- A*---relaxation---> A + hv
Atomic Absorption Theory
based on the absorption of a particular wavelength of EM radiation by atoms when the atoms jump from an orbital with a lower energy level to that of a higher energy level
Atomic Absorption Theory is governed by Beer's Law
- A = kbNo = K'C
- k/K' : constants
- b : thickness of gaseous atoms
- No : number of gaseous atoms in ground state
- c : concentration of analyte (proportional to No)
Energy Level Diagram
- convenient method for describing the processes that atomic absorption/emission is based on
- Show the different transition of elements between atomic orbitals
Difference in the Energy of 3P Orbitals
- rationalized by assuming that an electron spins about its own axis and the direction may be either the same or opposed to its orbital motions
- 1. energy is high if the direction of self-spin is the same as the direction of orbital motion.
- 2. energy is low if the direction of self-spin is the opposite of the direction of orbital motion.
Narrow Lines for AAS and AES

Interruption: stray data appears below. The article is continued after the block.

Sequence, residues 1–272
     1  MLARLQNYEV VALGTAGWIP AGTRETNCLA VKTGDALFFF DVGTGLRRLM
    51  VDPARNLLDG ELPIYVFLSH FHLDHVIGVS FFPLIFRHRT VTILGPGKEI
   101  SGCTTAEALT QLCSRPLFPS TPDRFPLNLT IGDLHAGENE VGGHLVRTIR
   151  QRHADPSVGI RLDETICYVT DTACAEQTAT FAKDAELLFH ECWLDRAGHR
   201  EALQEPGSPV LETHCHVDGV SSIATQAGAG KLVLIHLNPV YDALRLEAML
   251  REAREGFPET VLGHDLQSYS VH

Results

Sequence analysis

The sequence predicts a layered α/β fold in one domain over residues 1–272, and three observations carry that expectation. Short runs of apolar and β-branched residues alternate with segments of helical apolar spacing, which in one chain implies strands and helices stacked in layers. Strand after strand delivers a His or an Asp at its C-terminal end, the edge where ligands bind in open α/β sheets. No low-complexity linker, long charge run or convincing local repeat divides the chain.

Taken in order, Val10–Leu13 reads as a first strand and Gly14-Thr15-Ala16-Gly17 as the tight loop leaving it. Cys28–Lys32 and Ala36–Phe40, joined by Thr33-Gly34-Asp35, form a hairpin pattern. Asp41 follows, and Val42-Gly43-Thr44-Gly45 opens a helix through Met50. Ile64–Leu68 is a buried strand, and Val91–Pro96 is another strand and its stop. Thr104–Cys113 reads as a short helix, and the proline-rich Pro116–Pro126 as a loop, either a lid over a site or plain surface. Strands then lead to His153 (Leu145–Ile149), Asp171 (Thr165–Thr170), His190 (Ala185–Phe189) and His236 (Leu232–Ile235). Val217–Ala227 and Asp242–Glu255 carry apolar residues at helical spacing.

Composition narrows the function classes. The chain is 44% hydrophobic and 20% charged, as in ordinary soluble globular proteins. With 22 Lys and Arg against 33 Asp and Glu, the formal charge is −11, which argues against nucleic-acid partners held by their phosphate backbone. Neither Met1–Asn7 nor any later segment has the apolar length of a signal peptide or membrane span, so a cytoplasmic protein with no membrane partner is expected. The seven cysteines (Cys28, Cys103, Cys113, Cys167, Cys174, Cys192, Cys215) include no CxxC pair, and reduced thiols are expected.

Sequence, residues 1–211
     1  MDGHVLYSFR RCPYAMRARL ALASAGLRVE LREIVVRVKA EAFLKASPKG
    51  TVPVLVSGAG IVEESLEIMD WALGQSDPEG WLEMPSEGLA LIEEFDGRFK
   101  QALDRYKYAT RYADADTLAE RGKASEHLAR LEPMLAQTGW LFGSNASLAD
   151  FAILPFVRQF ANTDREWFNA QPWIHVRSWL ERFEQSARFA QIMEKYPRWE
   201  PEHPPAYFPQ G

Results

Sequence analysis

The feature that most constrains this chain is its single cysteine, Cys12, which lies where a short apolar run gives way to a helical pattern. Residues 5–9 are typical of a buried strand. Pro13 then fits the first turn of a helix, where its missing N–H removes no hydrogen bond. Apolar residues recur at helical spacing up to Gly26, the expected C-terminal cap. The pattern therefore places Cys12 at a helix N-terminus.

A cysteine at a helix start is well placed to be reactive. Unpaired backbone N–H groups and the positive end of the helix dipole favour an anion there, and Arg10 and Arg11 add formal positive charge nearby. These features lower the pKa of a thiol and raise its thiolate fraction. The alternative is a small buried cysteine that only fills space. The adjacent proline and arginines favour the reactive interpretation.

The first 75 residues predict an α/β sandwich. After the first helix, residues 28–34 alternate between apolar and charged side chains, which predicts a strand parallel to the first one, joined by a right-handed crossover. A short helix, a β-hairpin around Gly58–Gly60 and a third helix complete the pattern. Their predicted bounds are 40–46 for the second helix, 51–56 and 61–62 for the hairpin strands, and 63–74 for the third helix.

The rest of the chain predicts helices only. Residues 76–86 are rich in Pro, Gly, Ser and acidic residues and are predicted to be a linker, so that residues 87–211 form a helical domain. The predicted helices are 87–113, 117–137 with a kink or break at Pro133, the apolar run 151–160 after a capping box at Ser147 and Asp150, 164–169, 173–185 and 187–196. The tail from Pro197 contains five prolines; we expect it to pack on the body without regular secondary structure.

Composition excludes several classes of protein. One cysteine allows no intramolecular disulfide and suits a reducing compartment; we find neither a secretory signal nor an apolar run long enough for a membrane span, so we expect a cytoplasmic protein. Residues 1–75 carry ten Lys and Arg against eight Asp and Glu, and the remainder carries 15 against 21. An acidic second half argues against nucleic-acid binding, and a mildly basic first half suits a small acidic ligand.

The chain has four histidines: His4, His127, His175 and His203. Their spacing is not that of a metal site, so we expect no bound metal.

preferred because it reduces the possibility of interference due to overlapping spectra
Factors Causing Atomic Line Broadening
- 1. uncertainty effect
- 2. doppler effect
- 3. pressure effect
natural line width is determined by the lifetime of the excited state and Heisenberg's uncertainty principle
arises because atoms moving toward or away from a photon detector give rise to absorption or emission lines at slightly different frequencies
- arises from collisions of the absorbing or emitting species with other atoms or ions in the heated species
- causes small changes in energy levels and hence a range of absorbed/emitted wavelengths.
Hollow Cathode Lamp
- a cathode constructed of the metal whose spectrum is desired, or served to support a layer of that metal. Anode is made of tungsten. Electrodes are sealed in a glass tube that is filled with Neon or Argon at a pressure of 1-5 torr.
- *has a lamp for each element, restricts multielement detection, maximizes probability of redeposition on cathode and restricts light direction
gaseous cations of an inert gas acquire enough kinetic energy to dislodge some of the metal atoms from the cathode surface and produce an atomic cloud
- a nebulizer introduces the sample in the form of a fine spray of droplets, called aerosols.
- continuous introduction of samples produces a steady-state population of atoms, molecules and ions.
- solution-sample is converted to spray
Types of Pneumatic Nebulizers
- 1. concentric tube
- 2. cross-flow
- 3. fritted disk
- 4. babington
Concentric Tube Nebulizer